Now at the heart of the Triple E Framework are three factors that teachers need to be clear about when using technology to further the goals of the lessons
- "Engagement: The technology:
- Allows students to focus on the assignment or activity with less distraction (time-on-task);
- Motivates students to start the learning process;
- Causes a shift in the behavior of the students, where thy go from being passive to active social learners.
- "Enhance: The technology:
- Allows students to develop a more sophisticated understanding of the learning goals
- Creates ways (scaffolds) to make it easier to understand concepts or ideas
- Creates paths for students to demonstrate their understanding of the learning goals in a way that they could not to with traditional tools.
- "Extend: The technology:
- Creates opportunities for students to learn outside of their typical school day (24/7 learning);
- Helps create a bridge between students’ school learning and their everyday life experiences;
- Allows students to grow as learners in a lifelong way, so they do not need the school setting to continue to use the tools."
So, in developing a lesson plan, a teacher can use the Triple E Measurement tool to evaluate the degree to which the lesson addresses each of the three conditions (listed above) for each of the three E’s. The teacher gives a score of 0, 1 or 2 for each of the nine conditions making 18 the maximum possible score for a lesson.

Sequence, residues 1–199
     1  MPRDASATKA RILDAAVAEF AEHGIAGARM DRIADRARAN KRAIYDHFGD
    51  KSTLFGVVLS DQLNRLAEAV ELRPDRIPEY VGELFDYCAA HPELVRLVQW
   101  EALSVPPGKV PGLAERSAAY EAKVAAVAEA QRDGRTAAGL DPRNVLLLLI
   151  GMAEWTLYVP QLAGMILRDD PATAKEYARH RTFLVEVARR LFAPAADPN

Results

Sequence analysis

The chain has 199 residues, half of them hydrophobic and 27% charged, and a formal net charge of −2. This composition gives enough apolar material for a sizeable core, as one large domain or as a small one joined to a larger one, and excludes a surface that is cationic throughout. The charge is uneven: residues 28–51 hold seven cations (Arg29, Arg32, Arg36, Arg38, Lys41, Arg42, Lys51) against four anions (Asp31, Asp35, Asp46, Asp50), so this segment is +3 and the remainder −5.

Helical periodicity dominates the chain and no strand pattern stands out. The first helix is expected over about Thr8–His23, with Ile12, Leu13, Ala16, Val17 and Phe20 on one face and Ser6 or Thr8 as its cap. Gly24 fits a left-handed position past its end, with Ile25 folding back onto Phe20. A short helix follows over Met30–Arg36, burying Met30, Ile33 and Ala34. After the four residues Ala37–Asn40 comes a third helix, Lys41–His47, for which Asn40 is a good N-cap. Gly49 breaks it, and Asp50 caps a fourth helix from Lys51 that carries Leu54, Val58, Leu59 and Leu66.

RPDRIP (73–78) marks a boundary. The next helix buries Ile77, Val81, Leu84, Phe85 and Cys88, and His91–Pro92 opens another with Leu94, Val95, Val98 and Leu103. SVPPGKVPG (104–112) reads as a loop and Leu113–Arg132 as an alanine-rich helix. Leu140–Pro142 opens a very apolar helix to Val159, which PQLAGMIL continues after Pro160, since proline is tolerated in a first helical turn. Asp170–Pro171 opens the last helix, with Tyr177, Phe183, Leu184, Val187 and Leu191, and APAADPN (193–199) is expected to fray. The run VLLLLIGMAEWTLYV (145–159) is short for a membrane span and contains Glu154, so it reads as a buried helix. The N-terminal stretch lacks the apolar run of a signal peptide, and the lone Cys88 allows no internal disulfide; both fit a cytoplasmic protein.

In her book, Kolb shows how the Triple E Framework relates to the various theories of technology adoption (TPACK, SAMR), how it relates to the ISTE Student Standards, and the book provides a broad range of concrete examples of the Triple E Measurement Tool applied to specific lesson plans. Each chapter is summarized in a section entitled "Chapter Take-Aways" — "Take-Aways"? A teacher term if ever there was one.
Suggestion: Start by visiting with the Triple E Framework website. Visit the "about" page where it expands on the explanations of Engage, Enhance, Extend. Definitely click to the Triple E Rubrics and Tools page where the measurement tool is provided. Then, when you are energized, order the book!
The Triple E is not abstract cognitive-social theorizing; Triple E is not general platitudes about good teaching and learning. No, to our mind the Triple E Framework is the first concrete "tool" to help a specific teacher think through the role of specific technology in their specific classroom. As Kolb observes:
- "Technology tools cannot do the work of good teaching."
Stay tuned: Kolb will shortly be introducing the TripleEPLN — the Triple E Personal Learning Network — a website to support the growing community of teachers who are finding the Triple E Framework a useful, teaching and learning tool. For more info on the TripleEPLN contact: tripleEpln.firstname.lastname@example.org.
Cathie Norris is a Regents Professor and Chair in the Department of Learning Technologies, School of Information at the University of North Texas. Visit her site at www.imlc.io.
Elliot Soloway is an Arthur F. Thurnau Professor in the Department of CSE, College of Engineering, at the University of Michigan. Visit his site at www.imlc.io.
Find more from Elliot Soloway and Cathie Norris at their Reinventing Curriculum blog at thejournal.com/rc.